Connecting Nonprofits With Pro Bono Help
As the photojournalists' organization In Our Own Backyard made plans to launch AmericanPoverty.org, co-founder Steve Liss knew the project would require an attention-getting logo. Since the nonprofit group had limited financial resources for the photography project, Liss turned to the Give Back program from Chicago-based crowdSpring, an online marketplace (shown left) that helps companies hire creatives, to get some pro bono assistance.
"About 140 designers submitted logos, and the quality of the work was so strong that it made the final decision very difficult," Liss says. The group ultimately chose a logo from a London-based designer.
Liss estimates AmericanPoverty.org would have spent $2,000 to $3,000 for its logo -- money the organization can now use to deliver its anti-poverty presentation to three schools. And the partnership with the winning designer, Alice Ralph, continues: She created stationery and T-shirt designs for AmericanPoverty.org and adapted the logo in various resolutions and formats for a variety of print and online uses.
Liss believes the logo's strength has helped the project's visibility. "Whatever disagreements people may have with our organization," he says, "they agree that we have a good logo."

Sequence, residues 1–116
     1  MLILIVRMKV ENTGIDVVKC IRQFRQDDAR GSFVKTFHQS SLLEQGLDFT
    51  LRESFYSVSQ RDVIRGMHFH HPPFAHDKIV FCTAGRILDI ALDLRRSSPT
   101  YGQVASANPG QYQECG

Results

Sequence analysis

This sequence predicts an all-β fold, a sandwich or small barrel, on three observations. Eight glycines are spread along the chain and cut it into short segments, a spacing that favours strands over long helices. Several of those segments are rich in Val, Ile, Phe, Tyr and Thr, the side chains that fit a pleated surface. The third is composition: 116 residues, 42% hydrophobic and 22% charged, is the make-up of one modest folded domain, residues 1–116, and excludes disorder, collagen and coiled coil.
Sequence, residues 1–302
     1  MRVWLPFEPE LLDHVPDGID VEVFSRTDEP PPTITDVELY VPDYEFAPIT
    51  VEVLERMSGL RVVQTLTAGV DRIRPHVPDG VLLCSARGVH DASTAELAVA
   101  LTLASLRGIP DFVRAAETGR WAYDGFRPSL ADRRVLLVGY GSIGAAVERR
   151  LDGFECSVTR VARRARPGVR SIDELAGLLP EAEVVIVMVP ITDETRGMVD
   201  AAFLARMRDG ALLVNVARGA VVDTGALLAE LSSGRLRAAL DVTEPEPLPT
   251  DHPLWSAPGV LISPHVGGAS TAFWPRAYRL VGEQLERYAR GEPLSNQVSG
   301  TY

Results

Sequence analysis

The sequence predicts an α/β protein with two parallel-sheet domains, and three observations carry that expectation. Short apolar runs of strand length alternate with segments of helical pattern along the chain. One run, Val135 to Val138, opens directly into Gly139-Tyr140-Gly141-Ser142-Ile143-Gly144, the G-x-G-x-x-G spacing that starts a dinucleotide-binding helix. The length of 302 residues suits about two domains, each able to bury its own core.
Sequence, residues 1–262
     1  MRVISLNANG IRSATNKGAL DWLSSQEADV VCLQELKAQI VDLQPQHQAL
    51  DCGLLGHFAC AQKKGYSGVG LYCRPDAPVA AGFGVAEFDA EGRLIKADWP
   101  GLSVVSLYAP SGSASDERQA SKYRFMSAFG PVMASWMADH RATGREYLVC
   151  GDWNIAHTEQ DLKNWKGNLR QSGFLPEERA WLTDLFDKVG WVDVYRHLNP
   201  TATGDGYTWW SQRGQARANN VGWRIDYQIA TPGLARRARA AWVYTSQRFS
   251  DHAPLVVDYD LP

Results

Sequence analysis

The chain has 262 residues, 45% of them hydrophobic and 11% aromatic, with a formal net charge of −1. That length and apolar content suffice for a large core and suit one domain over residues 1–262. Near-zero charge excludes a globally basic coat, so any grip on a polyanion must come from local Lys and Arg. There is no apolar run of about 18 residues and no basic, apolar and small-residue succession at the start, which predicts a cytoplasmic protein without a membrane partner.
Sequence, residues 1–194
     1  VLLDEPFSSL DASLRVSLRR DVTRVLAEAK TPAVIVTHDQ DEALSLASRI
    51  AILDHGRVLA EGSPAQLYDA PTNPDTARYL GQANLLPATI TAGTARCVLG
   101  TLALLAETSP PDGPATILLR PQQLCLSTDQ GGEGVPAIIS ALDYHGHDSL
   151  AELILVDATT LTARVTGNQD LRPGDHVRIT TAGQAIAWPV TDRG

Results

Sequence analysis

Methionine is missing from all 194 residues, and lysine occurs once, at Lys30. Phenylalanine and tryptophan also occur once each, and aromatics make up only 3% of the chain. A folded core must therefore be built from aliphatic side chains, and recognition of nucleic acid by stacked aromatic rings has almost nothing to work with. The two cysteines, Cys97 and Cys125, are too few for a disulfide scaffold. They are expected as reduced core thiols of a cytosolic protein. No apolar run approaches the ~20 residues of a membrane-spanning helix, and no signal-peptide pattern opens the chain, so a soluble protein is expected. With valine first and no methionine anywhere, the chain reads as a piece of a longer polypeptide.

So far, crowdSpring's program has helped a dozen nonprofits, including literacy and environmental organizations and a group for fathers of autistic children. Give Back sprang from a discussion on the site's forums.
The premise is simple: A registered 501(c)(3) nonprofit (or its equivalent in other countries) contacts crowdSpring for help with creative work, such as copywriting, website development or graphic design. CrowdSpring co-founder Ross Kimbarovsky helps vet the charities; he then writes a brief summarizing the organization's needs, mission, audience and other project details and posts it on the site. Volunteers from crowdSpring's community of more than 107,000 designers and writers submit their best efforts, agreeing to waive their fees if their submissions are chosen.
CrowdSpring also waives its fees, which typically run $39 to $199 for a paid project, plus a 15 percent commission.
Before launching Give Back, Kimbarovsky was concerned that there wouldn't be enough people raising their hands for the pro bono jobs. With thousands of paying gigs available on the site -- and fees ranging from hundreds to thousands of dollars -- he didn't think members would want to work for free. But the crowdSpring crowd has proved him wrong: Each Give Back project has attracted 30 to 100 applicants.
Read more: Top Sites for Nonprofit Jobs
Gwen Moran is a freelance writer and co-author of The Complete Idiot's Guide to Business Plans (Alpha, 2010). This article was originally published in the March 2012 print edition of Entrepreneur with the headline: Creative Thinking.
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